He has frequently been burned deep this year and given up several big plays, most notably an 84-yard touchdown catch and run by the Green Bay Packers’ Jordy Nelson and a blown coverage against Atlanta Falcons wideout Harry Douglas in which he gave up a 34-yard completion on a crucial third-and-12 with the score tied, 17-17.

The Packers’ touchdown put Green Bay up by 14 in a game they won 30-23 while the Falcons went on to score four plays later and pulled away for a 31-17 Panthers loss.



Best Play

Steve Smith's 54-yard touchdown catch vs. the New Orleans Saints is my choice for the Panthers' best play through the first seven games. 

This play needs little description besides the fact that "Smitty" jumped about four feet off the ground, caught the ball, hung there for a few seconds like Dave Chappelle's Prince character from The Chappelle Show, dismissed Saints cornerback Jabari Greer like a rag doll and jogged the last 20 yards into the end zone. 

Just watch the play.

Cam Newton (1) runs for a big gain against the Washington Redskins
Cam Newton (1) runs for a big gain against the Washington RedskinsDilip Vishwanat/Getty Images


Best Team-Building Moment


After Steve Smith's above-mentioned touchdown catch vs. the New Orleans Saints, safety Roman Harper blasted Smith in the end zone and a brawl ensued between players from both NFC South teams. 

You hate to see fighting in most sports, but football is full contact and full speed, so I have no problems with guys throwing an occasional punch.

The best part was Jordan Gross and Cam Newton coming to Smith's defense and showing the Saints that the 2011 Panthers are not going to be pushed around.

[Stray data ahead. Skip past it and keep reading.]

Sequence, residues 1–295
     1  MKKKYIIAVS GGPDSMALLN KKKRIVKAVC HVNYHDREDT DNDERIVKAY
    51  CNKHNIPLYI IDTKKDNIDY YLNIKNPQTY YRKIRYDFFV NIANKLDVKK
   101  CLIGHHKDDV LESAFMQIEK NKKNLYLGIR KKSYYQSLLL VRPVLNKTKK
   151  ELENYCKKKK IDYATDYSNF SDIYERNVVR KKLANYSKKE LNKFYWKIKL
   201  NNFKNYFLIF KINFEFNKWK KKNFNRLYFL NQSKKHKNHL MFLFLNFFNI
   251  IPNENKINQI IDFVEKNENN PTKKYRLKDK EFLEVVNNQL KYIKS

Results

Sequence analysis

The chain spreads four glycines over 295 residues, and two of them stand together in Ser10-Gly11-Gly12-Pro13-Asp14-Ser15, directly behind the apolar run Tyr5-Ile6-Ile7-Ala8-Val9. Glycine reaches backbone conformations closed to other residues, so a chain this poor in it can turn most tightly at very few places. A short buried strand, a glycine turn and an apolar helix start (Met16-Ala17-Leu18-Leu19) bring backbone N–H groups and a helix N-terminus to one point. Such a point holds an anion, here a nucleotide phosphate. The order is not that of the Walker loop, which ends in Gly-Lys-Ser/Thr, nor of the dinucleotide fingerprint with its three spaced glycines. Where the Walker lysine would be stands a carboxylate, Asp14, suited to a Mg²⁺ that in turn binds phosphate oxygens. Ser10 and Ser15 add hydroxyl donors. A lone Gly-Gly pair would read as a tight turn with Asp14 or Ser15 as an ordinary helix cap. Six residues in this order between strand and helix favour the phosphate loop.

Worst Play (Tie)

Punt returns against Carolina have killed the Panthers this year and cost the team victory opportunities against the Arizona Cardinals and the Chicago Bears.

In the season opener, Panthers punter Jason Baker kicked the ball to rookie Cardinals cornerback/punt-returner Patrick Peterson, who ran the punt back 89-yards for a touchdown.  Arizona won, 28-21. 

In the most mystifying play of the season, Baker again punted directly to a dangerous returner in Chicago, only this wasn't just any above-average punt returner. This was Devin Hester, the NFL's all-time leader in punt-returns for touchdown. 


Well, he was tied for the all-time lead before Baker kicked it to him, and less than 10 seconds later, Hester owned the record by himself. Chicago beat the Panthers by five that day, 34-29.


Most Pleasant Surprise

Cam Newton set an NFL rookie record by passing for more than 400 yards in each of his first two games, something not even Peyton Manning can claim.  Newton is averaging nearly 300 passing yards per contest and will likely break the record for most passing yards by a rookie in NFL history en route to winning Rookie of the Year honors.


Best Game

vs. Washington Redskins.  The Panthers led end-to-end and won 33-20 in their best performance of the season. Not coincidentally, Cam Newton had his most efficient passing game of the season, completing 18 of 23 passes for 256 yards and a touchdown, and he ran ten times for 59 yards and another score.



Worst Game

vs. Atlanta Falcons.  The Panthers blew a three-point lead in the fourth quarter to lose 31-17 in a game in which they were completely dominated in the final 20 minutes of play.  After leading the team to scoring drives on three of their first four possessions, Newton could not get the ball moving and went three-and-out on consecutive possessions before throwing interceptions to close the team's last two drives of the day.


Best Coaching Move

Naming Cam Newton the Panthers' starting quarterback from Day One.  Many fans were clamoring for late-addition veteran Derek Anderson to take the snaps for at least the first several games if not the entire season so Newton could learn from the sidelines.